The newest cameras that are coming out have capabilities that can really tax a memory card. From 4K video to very fast frame rates like 120fps to very long burst shooting, these features need a card that can keep up.
To find out whether the memory card is up to the challenge, you really need to look further to the read and write speeds. Of these, the write speed is by far the most important for most camera uses. That tells you how fast you can get data on to the card. That doesn’t tend to matter as much when using microSD cards in smartphones or GPS units, but it does matter for cameras when you’re shooting in burst mode or recording high definition video. The read speed, which is often used in marketing, tells you how fast you can get data off the card. So in ranking the cards here, I’m focusing on the write speeds and basing them on my own tests.
It’s important to bear in mind in buying a card, though, that it doesn’t always work that you’ll get much benefit from the fastest card. It depends on what you’re putting it in. To take advantage of UHS-II speeds, for instance, you’ll need a camera or reader that’s compatible with UHS-II. If it’s not, the card will still work–they’re designed to be backward compatible in nearly all cases–but you won’t get the highest speeds the card is capable of.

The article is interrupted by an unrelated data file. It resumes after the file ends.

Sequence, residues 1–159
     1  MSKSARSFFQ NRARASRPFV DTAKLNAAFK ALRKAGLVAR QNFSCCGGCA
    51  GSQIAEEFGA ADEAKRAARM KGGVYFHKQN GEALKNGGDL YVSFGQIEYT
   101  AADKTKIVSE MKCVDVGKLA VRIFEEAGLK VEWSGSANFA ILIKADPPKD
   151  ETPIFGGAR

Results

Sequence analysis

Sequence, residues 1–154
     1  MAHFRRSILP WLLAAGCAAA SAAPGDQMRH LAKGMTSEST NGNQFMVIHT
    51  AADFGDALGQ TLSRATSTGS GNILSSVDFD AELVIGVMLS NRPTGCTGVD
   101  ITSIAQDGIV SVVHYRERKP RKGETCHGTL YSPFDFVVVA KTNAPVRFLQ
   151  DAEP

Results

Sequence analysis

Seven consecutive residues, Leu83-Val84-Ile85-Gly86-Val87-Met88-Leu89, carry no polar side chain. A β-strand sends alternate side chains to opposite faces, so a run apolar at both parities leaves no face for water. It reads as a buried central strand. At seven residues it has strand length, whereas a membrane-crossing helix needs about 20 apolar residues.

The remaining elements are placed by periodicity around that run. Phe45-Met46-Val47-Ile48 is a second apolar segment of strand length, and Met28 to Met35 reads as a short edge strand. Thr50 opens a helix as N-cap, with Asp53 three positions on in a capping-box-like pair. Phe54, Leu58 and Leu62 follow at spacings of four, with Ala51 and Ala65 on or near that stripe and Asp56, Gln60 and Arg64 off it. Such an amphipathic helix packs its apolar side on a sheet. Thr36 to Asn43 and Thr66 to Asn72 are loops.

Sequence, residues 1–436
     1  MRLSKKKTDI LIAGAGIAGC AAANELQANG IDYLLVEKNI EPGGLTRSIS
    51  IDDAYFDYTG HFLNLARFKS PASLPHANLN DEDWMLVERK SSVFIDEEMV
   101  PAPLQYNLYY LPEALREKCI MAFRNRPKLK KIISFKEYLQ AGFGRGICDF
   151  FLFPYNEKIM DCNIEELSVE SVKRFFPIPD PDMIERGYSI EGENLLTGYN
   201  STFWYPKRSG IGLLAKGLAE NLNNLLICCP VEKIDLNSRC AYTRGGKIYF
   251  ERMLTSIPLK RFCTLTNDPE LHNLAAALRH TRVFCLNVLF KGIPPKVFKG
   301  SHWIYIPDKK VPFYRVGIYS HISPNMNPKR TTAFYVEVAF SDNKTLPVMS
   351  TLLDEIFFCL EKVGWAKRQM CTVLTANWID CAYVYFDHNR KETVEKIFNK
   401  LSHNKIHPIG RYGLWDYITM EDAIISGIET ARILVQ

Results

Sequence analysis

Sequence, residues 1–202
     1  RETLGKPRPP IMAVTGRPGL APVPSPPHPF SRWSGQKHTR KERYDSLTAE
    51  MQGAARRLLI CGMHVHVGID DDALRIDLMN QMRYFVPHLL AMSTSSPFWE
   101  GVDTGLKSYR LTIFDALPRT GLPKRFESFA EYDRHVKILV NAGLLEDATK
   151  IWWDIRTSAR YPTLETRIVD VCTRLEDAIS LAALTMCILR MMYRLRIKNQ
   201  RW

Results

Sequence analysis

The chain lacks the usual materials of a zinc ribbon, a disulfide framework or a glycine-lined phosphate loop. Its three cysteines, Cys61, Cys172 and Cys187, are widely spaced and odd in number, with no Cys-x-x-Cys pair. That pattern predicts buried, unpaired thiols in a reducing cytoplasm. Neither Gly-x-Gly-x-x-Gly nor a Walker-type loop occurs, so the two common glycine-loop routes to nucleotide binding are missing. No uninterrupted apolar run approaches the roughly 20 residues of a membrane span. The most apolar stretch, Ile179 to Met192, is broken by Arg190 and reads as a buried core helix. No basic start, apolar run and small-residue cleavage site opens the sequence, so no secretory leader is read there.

The Current 3 Fastest SD Cards
Lexar Professional 2000x UHS-II U3
With UHS-II and a speed class of U3, Lexar rates this one for a read speed of up to300 MB/s (or 2000x) but, as usual, doesn’t publish a write speed other than “write speeds slower.” But this card boasts impressive sequential write speed as well and is currently the fastest SD card I’ve tested. I was able to get over 241 MB/s of sustained write speed out of it. It’s in its Lexar Professional line and comes in 32GB, 64GB, and 128GB versions.
This one also comes with its own card reader, which happens to be the fastest SD reader I’ve come across yet.
Toshiba Exceria Pro UHS-II U3
Toshiba isn’t often one of the first brands that come to mind with memory cards, but they’ve had some impressive cards in their Exceria Pro line for a while. Performance-wise, I found this card to be very close to the Lexar 2000x. But it falls short in terms of value–it’s consistently significantly more expensive than some of the other lines. It comes in 16GB, 32GB, 64GB, and 128GB versions.
Find them at: Amazon
SanDisk Extreme PRO UHS-II U3
Rated for a read speed of up to 280MB/s and write speed of up to 250MB/s, I found that its write speeds fell a bit short of what I expected, and I ended up running the tests a few extra times to make sure. But it’s still a solid performer from a top-notch brand and a very good option. It comes in 16GB, 32GB, and 64GB versions.
Detailed SD Speed Test Results
These are sorted by default by descending sequential write speed, but you can click on the column headers to sort by other criteria or use the search bar to filter by brand, etc. You can also scroll the table right to get the other columns.